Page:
The SQL Primary Key Constraint Explained

The SQL Primary Key Constraint Explained
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A primary key is a column or a set of columns that uniquely identifies each row in a table.

It’s called a “constraint” because it causes the system to restrict the data allowed in these column(s). In this case…

  • to contain data (NOT NULL)
  • be UNIQUE from all other rows in the table.
  • Each table can have only ONE primary key

Primary keys are mostly used to maintain the data integrity of each row.

It also allows the system and applications to be sure they are reading, updating and joining the data correctly.

Example with create table

Here is a create table command that will also create a primary key using two fields.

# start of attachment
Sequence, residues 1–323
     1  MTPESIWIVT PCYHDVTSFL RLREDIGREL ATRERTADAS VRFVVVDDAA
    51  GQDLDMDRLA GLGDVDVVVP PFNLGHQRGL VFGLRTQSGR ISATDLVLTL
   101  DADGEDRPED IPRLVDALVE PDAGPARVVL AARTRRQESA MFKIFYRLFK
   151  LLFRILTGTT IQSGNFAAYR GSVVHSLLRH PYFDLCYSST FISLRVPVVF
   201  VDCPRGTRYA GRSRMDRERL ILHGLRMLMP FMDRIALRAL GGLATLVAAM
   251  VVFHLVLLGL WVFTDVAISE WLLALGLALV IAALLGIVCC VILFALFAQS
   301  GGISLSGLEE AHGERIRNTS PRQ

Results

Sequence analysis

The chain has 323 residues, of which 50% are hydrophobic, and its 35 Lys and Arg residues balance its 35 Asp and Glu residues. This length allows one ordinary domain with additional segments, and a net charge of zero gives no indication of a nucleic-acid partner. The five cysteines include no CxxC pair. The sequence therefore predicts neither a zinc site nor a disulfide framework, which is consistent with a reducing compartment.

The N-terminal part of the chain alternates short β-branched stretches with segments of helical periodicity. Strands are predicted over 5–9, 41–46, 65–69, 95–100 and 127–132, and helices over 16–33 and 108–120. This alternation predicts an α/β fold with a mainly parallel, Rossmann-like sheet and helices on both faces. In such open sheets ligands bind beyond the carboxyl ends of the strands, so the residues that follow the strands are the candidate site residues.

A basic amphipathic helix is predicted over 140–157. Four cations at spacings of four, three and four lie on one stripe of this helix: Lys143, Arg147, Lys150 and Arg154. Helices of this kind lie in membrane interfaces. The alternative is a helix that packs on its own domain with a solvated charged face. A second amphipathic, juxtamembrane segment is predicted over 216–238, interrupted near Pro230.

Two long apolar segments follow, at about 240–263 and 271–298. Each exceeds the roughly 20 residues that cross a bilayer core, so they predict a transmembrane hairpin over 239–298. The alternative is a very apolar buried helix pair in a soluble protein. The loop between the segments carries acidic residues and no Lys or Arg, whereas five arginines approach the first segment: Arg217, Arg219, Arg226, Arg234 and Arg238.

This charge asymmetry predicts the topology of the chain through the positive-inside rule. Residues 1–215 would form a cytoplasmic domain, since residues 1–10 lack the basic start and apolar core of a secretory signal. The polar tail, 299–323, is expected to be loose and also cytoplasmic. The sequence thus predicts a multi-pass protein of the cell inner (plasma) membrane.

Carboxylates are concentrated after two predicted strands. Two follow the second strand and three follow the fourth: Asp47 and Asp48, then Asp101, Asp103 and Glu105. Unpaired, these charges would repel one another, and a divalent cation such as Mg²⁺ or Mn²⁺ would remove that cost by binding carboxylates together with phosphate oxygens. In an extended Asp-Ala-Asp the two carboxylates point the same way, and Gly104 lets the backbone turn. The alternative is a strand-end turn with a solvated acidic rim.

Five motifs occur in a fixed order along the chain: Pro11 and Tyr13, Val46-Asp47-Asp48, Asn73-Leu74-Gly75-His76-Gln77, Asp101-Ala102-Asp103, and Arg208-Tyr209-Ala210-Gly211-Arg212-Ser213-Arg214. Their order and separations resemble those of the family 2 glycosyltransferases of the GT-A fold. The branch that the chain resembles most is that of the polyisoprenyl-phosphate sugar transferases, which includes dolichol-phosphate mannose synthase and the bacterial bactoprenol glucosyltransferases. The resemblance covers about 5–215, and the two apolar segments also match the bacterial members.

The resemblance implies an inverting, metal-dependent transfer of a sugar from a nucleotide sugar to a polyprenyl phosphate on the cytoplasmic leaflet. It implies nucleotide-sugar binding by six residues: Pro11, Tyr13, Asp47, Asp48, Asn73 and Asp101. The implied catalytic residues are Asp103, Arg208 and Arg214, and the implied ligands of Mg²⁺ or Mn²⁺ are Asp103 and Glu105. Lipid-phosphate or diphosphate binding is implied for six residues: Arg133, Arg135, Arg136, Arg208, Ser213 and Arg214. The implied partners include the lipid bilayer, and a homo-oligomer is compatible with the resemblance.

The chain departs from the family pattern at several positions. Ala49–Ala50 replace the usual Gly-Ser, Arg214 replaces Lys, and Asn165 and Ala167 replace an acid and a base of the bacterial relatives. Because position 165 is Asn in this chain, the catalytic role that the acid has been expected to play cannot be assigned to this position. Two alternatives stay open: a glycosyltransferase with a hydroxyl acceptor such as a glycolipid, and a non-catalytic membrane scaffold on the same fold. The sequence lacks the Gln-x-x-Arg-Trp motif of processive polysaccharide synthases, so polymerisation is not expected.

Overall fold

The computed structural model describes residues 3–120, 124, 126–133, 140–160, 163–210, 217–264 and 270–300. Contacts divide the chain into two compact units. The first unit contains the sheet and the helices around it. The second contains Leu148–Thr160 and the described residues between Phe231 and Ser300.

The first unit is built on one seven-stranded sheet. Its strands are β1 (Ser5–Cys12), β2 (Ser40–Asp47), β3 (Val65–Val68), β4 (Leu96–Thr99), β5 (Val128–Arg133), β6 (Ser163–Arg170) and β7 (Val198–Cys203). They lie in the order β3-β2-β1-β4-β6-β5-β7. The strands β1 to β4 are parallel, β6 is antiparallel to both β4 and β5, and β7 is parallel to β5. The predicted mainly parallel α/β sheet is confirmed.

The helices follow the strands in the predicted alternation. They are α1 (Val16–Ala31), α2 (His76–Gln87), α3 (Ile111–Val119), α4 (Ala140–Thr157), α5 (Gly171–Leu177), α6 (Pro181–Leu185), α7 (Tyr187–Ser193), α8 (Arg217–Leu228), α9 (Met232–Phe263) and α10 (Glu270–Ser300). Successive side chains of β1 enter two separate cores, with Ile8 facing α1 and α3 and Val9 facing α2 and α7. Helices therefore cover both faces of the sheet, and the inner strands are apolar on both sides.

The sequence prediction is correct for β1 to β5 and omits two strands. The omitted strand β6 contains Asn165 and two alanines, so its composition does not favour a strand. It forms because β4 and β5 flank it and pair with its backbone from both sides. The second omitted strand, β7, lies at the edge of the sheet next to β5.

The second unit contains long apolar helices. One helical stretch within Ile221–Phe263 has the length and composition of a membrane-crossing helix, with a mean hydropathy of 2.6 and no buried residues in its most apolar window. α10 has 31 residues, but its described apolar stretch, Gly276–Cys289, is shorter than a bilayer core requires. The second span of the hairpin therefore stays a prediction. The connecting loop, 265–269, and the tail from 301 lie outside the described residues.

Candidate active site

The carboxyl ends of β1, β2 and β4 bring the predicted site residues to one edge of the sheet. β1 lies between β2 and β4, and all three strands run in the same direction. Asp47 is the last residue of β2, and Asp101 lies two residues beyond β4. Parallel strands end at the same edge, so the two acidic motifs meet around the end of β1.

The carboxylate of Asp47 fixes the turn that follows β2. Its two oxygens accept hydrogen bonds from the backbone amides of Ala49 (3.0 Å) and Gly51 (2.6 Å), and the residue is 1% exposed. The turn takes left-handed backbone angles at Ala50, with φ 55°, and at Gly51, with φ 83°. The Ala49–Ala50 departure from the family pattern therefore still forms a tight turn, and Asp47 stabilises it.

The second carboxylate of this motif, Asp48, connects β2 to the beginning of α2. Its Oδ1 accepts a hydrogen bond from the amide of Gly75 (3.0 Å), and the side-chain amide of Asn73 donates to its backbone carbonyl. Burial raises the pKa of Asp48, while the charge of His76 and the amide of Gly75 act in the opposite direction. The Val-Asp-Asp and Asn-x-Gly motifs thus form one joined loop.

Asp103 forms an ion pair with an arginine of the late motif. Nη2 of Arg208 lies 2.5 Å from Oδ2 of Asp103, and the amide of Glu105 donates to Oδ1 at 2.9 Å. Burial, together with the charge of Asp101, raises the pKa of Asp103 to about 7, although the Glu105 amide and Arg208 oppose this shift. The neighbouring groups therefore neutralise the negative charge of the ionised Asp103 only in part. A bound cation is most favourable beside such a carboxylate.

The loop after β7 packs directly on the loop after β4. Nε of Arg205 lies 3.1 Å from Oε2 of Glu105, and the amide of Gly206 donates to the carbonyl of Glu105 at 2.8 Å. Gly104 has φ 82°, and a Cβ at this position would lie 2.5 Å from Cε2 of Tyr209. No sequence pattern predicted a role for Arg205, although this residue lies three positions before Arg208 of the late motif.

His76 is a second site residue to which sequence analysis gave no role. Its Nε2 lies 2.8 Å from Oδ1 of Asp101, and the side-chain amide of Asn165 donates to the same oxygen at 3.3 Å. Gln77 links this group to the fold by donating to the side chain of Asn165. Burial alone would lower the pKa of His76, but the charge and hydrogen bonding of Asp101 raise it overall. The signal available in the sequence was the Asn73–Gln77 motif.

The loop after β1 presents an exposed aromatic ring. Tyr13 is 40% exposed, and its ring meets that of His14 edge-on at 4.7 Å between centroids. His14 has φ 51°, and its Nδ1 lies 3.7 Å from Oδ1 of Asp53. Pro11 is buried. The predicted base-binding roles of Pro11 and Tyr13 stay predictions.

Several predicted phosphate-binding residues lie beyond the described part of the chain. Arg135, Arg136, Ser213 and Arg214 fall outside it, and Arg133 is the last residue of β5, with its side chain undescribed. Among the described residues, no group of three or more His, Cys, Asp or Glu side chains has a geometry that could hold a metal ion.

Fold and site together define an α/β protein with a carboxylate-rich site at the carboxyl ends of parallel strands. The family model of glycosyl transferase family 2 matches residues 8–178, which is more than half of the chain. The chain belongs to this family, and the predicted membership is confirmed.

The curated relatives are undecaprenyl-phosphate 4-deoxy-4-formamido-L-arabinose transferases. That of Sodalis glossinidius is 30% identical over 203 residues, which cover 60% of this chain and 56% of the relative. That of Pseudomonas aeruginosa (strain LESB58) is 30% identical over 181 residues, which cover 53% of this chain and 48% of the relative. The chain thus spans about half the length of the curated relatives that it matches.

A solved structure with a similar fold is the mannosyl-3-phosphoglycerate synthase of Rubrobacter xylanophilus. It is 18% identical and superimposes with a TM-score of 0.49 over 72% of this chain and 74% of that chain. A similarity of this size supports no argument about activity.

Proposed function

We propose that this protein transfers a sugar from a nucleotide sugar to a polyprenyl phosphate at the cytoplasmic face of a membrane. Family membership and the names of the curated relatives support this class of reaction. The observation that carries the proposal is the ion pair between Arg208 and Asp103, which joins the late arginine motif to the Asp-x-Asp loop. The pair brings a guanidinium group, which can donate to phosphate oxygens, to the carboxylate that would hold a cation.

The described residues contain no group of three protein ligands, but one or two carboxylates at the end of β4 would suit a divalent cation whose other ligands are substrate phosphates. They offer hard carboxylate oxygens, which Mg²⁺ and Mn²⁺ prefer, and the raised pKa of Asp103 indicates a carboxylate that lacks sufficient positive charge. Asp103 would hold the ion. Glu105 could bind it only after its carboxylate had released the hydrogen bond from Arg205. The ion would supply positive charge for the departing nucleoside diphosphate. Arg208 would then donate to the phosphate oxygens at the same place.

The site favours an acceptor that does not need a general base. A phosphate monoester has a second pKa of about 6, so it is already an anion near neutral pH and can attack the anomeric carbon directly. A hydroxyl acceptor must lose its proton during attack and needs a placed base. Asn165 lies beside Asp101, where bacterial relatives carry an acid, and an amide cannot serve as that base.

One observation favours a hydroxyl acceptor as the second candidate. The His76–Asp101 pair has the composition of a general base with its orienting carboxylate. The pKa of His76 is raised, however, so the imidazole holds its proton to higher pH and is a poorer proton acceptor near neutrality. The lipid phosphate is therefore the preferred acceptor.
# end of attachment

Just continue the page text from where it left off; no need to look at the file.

CREATE TABLE priKeyExample(
rcdKey_id_a INT NOT NULL,
rcdKeySeq_id INT NOT NULL,
someData varchar(256) NOT NULL,
PRIMARY KEY(rcdKey_id_a,rcdKeySeq_id));

Example with alter table

The existing one must be deleted first

DROP INDEX `primary` ON priKeyExample;

Now we’ll add the new one.

ALTER TABLE priKeyExample 
ADD CONSTRAINT myPriKey PRIMARY KEY(rcdKey_id_a,rcdKeySeq_id);

As with all of these SQL things there is MUCH MORE to them than what’s in this introductory guide.

I hope this at least gives you enough to get started.

Please see the manual for your database manager and have fun trying different options yourself.